A competent proofreader earning $25/hour can give an author an original document with no technical mistakes. A competent proofreader making $50/hour will be able to provide the author with an article that is free of technical mistakes.

How to Get the Best Value

It’s not a good idea to pay an unprofessional proofreader only to find out that you’ve paid the least amount because your proofreader did not do a great job or they ran through your file too quickly in order to boost their hourly rate. You also shouldn’t have to spend $2,000 on an item which you could get in the $500-$1,000 range.

Just like any purchase, it’s possible to get a bargain on a proofreader, if you’re prepared to conduct some study. If I were in search of someone to proofread, I’d consider who should hire in the same way as I’d go about purchasing an expensive shirt. These are the ways I’d go about it:

1) Choose a few proofreaders who could be worthwhile to hire

It’s like walking to a store for clothing and buying a few items that I believe are nice for me. I would not consider purchasing an item with a massive gap in it. The same is true for the hiring of a proofreader with poor content written on their website and a blog that’s not been maintained for an extended time, or another “holes.”

2) Free samples are available from proofreaders that appear to be skilled

An editor who does not offer free trials is similar to an apparel store without the fitting space. If I buy a dress without trying it on, and then be happy with the purchase, I’m less likely to regret it when I am sure it will fit perfectly before purchasing it. Similar to that, I would not recommend using an editor without obtaining the first sample.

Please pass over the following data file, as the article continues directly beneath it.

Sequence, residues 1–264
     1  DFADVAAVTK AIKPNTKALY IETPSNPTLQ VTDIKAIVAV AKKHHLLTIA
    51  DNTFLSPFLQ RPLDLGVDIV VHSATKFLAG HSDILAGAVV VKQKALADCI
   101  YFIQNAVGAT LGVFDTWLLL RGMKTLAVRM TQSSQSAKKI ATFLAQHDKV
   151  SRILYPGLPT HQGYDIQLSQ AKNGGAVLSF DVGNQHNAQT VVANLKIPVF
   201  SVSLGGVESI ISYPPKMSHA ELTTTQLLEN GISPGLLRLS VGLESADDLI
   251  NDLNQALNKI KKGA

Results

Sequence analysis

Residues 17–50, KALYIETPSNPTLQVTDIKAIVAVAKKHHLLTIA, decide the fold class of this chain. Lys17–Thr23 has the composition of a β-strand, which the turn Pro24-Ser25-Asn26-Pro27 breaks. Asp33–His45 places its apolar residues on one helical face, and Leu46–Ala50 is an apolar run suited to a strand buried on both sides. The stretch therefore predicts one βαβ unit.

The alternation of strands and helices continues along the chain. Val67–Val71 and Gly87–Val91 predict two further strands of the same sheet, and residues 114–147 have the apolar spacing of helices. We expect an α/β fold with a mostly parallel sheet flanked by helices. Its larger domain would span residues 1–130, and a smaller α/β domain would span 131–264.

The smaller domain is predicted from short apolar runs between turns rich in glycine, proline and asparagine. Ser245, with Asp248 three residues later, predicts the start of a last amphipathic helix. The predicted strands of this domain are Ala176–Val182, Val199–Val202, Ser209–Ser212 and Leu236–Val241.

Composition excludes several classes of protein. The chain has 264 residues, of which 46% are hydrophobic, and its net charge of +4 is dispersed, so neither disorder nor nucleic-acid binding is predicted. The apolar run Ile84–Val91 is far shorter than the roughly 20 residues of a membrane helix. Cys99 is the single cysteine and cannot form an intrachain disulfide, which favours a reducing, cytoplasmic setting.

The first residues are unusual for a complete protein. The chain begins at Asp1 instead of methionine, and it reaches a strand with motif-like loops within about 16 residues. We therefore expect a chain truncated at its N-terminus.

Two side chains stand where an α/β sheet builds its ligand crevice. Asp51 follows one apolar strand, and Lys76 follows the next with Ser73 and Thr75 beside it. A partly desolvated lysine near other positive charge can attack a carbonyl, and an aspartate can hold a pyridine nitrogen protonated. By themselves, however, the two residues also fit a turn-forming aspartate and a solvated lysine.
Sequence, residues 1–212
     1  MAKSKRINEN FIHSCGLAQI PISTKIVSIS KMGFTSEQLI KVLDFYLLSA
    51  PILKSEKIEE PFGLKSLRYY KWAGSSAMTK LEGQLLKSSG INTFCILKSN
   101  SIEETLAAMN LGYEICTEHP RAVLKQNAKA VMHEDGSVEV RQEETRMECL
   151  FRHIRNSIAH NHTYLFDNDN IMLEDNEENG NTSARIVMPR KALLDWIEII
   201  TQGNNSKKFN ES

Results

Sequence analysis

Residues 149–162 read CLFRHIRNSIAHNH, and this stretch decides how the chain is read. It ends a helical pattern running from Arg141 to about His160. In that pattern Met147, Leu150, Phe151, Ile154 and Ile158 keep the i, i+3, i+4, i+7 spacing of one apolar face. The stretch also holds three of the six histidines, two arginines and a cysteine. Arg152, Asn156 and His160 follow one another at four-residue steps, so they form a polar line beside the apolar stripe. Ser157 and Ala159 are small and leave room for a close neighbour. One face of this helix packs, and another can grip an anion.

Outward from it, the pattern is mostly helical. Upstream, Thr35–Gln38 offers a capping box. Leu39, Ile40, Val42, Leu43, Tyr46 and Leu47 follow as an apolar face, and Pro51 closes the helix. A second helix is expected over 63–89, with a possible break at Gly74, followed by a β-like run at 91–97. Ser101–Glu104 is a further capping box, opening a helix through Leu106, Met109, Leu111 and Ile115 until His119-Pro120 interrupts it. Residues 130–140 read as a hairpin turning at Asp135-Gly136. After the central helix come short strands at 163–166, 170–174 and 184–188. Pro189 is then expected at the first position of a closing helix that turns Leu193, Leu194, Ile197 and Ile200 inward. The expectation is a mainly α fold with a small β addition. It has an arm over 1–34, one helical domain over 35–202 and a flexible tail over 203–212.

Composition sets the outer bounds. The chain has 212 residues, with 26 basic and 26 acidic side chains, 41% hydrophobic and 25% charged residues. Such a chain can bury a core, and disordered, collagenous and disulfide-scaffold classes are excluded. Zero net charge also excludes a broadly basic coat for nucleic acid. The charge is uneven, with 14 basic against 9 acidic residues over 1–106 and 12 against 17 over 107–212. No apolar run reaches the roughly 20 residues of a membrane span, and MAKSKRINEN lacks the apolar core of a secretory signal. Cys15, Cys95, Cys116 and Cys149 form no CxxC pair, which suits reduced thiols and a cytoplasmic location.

3.) Eliminate proofreaders who provide non-satisfactory proofs

The proofreader that gives a sample that is not up to par similar to a garment that isn’t right for you or isn’t as appealing to me as I imagined it would. They can be returned to the rack.

4) Review the cost of other options

In ideal circumstances, I’d received some items that are free of mistakes. The proofreaders who provided their samples were those who sent me the three or four shirt designs I’m considering getting after having tried a couple on. If I decide that I liked both of them, and just need one that I like, I’ll definitely purchase which one I think is the most attractive bargain. I’d make the final choice on an editor similarly, from the top ones, I’d hire the one who costs the least.

For the sake of argument, the point is that you should not just select the lowest-cost proofreader you can and then trust them to perform a decent job. Nor would you choose to pay a proofreader 30 dollars per hour and think they’re experts when it comes to their work due to their high cost (even even if they’re great but you’ll end up paying more). A better option is to look for a number of skilled proofreaders and select the least expensive one among them.